Fine tuning your management plan for substandard pigs
Providing proper care and environments for piglets can ease transition into the nursery phase.
Having a management plan for substandard pigs is important. Michigan State University Extension educators suggest that the first step in the management of substandard pigs is providing the proper environment (clean, warm, draft free), as well as identifing areas for substandard pigs, which can reduce negative impacts on future performance such as flow, marketing and overall production. Optimizing substandard pig management will aid in maximizing performance and growth of substandard pigs. Various different production practices can be utilized to help increase productivity of identified pigs; some of these practices are summarized below.
Specific diet formulation
One way to optimize substandard pig management is to feed a specified diet formulation, comparable to the growth and development of a weanling pig. It has been found that at weaning, lighter pigs have less developed gastrointestinal tracts verses piglets with a higher weaning weight. Therefore a pelleted diet, formulated so that it is easily digestible for the weanling pig is preferred. When utilizing a pelleted feed, not all products are as digestible and specifically you are looking for a product that has a small percent of pellet fines associated with it. It has been recommended that you use a feed with 20 percent or less of pelleted fines.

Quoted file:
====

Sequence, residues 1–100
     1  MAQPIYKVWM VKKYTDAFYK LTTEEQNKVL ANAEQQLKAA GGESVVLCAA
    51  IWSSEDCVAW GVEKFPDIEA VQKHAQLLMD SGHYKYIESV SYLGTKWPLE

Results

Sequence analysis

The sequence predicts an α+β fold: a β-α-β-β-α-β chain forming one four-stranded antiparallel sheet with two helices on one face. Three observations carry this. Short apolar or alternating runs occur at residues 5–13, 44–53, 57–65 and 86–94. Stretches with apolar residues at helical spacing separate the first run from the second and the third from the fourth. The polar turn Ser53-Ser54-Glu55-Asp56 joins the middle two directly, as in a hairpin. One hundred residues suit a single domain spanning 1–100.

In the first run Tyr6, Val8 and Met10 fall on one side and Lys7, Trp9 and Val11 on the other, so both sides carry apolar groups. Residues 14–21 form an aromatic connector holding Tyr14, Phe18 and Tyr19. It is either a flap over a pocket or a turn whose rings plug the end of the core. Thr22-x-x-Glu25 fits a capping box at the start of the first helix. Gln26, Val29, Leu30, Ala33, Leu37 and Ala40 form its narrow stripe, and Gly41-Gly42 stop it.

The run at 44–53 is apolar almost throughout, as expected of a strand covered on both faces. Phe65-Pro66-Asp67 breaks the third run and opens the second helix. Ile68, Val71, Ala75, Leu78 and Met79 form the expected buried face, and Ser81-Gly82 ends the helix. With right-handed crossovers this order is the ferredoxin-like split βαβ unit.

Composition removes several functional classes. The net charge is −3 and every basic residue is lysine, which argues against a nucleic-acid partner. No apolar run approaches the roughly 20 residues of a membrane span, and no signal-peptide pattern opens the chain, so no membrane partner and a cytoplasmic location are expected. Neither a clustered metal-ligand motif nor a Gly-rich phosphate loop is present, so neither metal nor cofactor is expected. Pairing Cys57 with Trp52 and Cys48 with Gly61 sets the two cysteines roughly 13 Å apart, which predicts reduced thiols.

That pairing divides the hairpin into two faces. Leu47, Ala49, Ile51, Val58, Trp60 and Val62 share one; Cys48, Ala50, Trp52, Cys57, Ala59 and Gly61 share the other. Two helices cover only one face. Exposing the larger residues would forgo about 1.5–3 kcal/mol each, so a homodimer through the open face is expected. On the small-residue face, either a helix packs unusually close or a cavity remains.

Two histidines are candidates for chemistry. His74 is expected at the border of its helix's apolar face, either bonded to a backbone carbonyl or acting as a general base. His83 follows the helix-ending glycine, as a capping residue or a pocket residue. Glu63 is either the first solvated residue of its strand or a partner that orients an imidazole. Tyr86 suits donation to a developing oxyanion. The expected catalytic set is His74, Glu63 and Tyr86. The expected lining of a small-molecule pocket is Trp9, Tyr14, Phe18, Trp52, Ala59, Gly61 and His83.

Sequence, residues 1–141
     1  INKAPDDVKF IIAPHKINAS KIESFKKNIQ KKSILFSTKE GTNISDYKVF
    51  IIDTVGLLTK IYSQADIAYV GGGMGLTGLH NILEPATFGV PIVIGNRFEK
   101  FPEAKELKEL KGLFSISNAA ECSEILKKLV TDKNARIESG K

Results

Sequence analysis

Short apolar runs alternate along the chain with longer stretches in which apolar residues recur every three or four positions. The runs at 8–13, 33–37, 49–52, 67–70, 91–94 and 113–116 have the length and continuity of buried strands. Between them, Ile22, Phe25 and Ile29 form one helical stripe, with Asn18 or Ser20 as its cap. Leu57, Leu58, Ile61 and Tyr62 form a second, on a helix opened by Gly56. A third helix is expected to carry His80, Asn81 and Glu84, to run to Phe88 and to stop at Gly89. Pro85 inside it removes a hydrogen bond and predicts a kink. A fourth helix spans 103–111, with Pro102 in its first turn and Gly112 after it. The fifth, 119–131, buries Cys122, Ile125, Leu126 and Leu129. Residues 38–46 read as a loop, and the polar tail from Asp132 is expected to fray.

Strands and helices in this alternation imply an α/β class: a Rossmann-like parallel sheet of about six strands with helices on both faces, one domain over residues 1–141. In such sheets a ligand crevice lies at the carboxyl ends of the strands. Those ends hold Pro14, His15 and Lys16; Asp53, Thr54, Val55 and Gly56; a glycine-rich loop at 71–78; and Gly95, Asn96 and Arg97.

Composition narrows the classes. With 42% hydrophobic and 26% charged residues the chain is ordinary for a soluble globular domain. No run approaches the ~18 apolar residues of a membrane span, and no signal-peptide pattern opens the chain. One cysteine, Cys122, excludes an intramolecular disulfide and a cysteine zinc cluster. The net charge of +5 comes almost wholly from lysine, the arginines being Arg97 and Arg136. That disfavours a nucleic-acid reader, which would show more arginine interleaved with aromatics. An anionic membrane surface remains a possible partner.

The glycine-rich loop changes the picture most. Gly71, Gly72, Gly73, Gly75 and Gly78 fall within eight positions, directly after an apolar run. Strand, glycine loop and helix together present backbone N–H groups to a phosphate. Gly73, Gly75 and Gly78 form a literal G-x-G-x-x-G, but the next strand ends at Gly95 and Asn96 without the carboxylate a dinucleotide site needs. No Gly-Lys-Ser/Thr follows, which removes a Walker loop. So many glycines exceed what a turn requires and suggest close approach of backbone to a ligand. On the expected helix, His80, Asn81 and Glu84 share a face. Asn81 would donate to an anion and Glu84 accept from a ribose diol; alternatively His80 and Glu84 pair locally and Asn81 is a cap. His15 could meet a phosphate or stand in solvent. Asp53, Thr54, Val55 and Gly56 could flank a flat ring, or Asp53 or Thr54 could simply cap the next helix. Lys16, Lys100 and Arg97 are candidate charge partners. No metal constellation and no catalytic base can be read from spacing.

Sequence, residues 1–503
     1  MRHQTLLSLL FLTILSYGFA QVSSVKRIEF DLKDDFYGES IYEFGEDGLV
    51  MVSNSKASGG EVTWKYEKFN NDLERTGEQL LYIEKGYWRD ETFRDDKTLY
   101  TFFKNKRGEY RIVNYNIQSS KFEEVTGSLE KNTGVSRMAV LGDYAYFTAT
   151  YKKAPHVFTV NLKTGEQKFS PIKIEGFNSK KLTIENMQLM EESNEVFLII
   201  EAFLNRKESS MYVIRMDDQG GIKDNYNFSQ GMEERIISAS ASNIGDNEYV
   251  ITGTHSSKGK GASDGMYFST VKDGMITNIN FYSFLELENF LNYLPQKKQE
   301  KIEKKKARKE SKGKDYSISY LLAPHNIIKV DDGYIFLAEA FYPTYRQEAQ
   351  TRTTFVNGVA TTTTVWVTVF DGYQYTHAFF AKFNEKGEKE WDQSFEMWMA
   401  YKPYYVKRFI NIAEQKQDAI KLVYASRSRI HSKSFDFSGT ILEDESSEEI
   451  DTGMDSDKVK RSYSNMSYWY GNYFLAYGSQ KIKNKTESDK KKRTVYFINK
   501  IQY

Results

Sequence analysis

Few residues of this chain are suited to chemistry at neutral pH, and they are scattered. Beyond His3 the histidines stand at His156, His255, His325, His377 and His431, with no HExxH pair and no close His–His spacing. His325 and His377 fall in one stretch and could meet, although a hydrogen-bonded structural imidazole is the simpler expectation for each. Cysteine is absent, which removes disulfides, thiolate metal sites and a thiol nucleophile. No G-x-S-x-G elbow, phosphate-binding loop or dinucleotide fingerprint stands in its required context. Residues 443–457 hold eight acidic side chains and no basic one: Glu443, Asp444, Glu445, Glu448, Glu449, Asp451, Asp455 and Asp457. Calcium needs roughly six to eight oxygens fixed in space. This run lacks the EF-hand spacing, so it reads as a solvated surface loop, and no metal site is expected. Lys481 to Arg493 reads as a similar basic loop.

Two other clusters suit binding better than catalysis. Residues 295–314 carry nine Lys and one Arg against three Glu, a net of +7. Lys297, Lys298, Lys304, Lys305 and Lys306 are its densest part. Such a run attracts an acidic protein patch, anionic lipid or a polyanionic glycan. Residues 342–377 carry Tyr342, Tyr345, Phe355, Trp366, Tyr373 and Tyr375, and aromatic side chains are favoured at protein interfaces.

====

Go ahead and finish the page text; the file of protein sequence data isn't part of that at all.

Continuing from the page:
Various studies have shown that incorporating production practices that require you to split wean the litters can also increase weaning weights, which will help ease the nursery phase transition period. Research completed in 2002 by Lawlor found that by early weaning a portion of the litter from the sow, the piglets remaining in the litter weighed 0.5 pounds more at weaning when compared to weaning full litters of pigs. This is done by reducing the little size on the sow so that you increase the availability of the sow’s milk for the remaining piglets. It is suggested that when you are split weaning to take the litter down to 7 or 8 pigs in order to increase weaning weights of remaining piglets. Piglets that remain in reduced sized litters have a higher frequency of teat swapping and longer length of suckle time, resulting in increased consumption and weight gain. This increase in weight gain however is not sustained throughout the growth period.
When adding creep feed to the diets of your pre-wean piglets your goal should not be to improve weaning weights for the litters but to expose young pigs to a solid diet. This helps the piglet transition to a nursery/solid food diet and decrease the post-weaning lag that sometimes occurs at this time. Studies done at Kansas State University explain that the length of time pigs have access to creep feed will not increase the weaning weight of the piglets, however with extended exposure to creep feed more piglets will eat creep feed and have an easier adjustment to solid feed in the nursery phase.
Both practices (split weaning and creep feeding) show minimal lifetime improvement but may be used as a management strategy for small or lighter suckling pigs.
In the end, attention to detail will be advantageous for all involved, ranging from the pig to the producer. Implementing a consistent way of identifying pigs will aid in determining how respective pigs (quality vs. substandard) may need to be managed. Furthermore, increasing communication to create a better understanding of how pigs are classified will potentially lead to improved pig management efficiencies. However, it is important to recognize that the development of a standard operating procedures is not a one size fits all approach and the practices that you employee on your farm should fit your operation. Procedures will be dependent upon respective operation/farm system limitations that may include facilities, resources, pig flow, etc. More information on this topic can be found on the MSU Extension Pork website.